Today, the science-religion conversation takes a
surprising turn. The University of Houston's
College of Engineering presents this series about
the machines that make our civilization run, and
the people whose ingenuity created them.
As we move further away from
the turbulence that followed Darwin in the late
nineteenth century, science and religion are
finally regaining some of the common ground we once
took for granted.
Throughout the twentieth century we've watched
atoms and the cosmos eluding the old descriptions
of particle dynamics. Quantum physics has called
very mysterious forces into play. The result is
that many scientists begin to act as though their
domain and that of religion are the same. I suppose
that's how things must be if religion is to touch
the sensate world of loaves and fishes.
Of course not all scientists think science is
anywhere close to trafficking in such realms, and
some don't believe there is any religious realm to
merge with. The science-religion conversation is by
no means resolved. Still, it is headed in
Now meet someone who made a lot of money as a
stockbroker and then created a foundation to fund
studies of science and religion. He's Sir John
Templeton, 84. At first blush, that gives us a lot
to be nervous about. Is it comparable to
tobacco-and-health studies funded by tobacco
But Templeton doesn't seem interested in dictating
outcomes. He funds some work, like a Harvard study
of the efficacy of intercessory prayer, that leaves
me dubious. Is it really possible to
construct a plausible double-blind study to sort
that one out? But I find another set of studies to
be very compelling. Several scientists funded by
Templeton are studying forgiveness.
Forgiveness is surely the most needed and most
elusive of all human transactions. It's certainly a
bedrock religious issue, but a dangerous one, since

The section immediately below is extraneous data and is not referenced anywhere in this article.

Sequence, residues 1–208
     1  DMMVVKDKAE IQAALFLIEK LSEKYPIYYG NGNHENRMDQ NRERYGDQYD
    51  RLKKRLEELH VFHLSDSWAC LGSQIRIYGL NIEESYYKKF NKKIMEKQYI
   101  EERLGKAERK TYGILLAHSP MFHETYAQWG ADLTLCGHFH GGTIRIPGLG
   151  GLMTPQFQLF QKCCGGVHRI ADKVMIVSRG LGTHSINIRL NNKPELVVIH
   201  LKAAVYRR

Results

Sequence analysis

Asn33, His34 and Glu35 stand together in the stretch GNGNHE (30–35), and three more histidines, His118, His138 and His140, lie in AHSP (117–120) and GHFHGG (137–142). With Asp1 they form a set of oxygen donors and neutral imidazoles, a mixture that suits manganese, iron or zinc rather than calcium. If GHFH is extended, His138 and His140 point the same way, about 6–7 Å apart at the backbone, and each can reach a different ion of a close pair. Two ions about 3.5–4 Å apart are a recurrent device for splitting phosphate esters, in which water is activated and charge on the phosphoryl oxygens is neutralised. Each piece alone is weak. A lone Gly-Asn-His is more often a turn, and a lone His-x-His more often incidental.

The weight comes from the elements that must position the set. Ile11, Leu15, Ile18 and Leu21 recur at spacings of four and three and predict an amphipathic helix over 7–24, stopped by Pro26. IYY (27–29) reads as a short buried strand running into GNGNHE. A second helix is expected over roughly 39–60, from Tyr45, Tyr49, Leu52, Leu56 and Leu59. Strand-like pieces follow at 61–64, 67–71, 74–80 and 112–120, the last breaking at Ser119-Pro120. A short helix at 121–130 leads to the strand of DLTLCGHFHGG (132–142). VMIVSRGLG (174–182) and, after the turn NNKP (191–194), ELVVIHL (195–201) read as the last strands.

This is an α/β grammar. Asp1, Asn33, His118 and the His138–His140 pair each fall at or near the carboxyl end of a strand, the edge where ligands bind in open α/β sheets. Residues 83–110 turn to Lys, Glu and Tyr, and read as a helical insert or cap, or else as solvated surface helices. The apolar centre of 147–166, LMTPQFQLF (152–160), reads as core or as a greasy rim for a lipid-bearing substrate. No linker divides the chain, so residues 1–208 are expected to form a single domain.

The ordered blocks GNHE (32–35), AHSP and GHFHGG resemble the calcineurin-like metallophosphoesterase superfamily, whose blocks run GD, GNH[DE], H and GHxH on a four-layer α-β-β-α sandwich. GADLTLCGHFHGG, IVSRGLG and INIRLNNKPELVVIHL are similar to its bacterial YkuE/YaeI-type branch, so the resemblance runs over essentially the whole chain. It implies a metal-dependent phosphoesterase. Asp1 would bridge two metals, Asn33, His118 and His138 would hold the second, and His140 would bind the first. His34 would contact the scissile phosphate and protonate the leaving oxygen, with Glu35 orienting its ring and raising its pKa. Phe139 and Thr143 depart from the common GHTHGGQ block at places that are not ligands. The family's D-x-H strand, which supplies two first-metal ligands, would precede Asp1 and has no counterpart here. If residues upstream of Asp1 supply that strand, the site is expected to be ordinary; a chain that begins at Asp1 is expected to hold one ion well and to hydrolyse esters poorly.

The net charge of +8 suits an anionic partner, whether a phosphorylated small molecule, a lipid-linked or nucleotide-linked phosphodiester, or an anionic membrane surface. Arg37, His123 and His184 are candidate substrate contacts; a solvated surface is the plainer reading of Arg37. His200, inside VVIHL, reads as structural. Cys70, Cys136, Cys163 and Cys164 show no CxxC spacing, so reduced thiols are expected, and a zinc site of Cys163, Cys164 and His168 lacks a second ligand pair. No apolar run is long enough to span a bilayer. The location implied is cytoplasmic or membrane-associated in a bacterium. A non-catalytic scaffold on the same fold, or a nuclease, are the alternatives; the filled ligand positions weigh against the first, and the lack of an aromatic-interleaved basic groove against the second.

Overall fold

to reach it we must first pass through anger.
And, though it seems a long way from quantum
mechanics, Templeton-funded work on forgiveness is
legitimate as social science and as hard science as
well. He's supporting studies of South Africa's
Truth and Reconciliation Commission. His scientists
are imaging the brain activity of forgiving people.
They're analyzing reconciliation in the wake of
Rwanda's genocide. Zoologists are recording anger
and forgiveness in animals, who probably make more
reproducible subjects than you and I as they deal
with one another.
When Christoph Eschenbach finished the Houston
Symphony season this Sunday, I was amazed to find
that Gustav Mahler had been on the same track.
Mahler had originally named his Third Symphony
after a Nietzche tract, The Happy Science.
Mahler was strongly taken with the atheist Nietzche
and his writings on science. Yet Mahler was moved
to insert a fifth movement based on a folk song
about the forgiveness of St. Peter. His
contemplation of science had likewise taken
him to that central issue of forgiveness.
Maybe the puzzling logic of this is clearer than I
think. For what sense can science or religion make
if we don't find means for reconciling offenses?
Very little, I suspect; very little indeed.
I'm John Lienhard, at the University of Houston,
where we're interested in the way inventive minds